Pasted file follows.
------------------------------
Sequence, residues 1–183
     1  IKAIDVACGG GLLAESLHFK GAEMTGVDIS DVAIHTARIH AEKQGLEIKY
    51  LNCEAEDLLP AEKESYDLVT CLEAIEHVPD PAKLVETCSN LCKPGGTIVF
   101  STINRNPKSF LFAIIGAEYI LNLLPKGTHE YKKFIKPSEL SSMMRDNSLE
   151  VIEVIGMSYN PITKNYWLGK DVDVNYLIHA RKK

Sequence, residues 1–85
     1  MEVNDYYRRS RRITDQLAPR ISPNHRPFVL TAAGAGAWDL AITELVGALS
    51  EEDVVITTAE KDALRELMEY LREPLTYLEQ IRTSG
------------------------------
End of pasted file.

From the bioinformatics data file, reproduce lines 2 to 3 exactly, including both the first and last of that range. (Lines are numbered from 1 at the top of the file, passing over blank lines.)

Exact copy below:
     1  IKAIDVACGG GLLAESLHFK GAEMTGVDIS DVAIHTARIH AEKQGLEIKY
    51  LNCEAEDLLP AEKESYDLVT CLEAIEHVPD PAKLVETCSN LCKPGGTIVF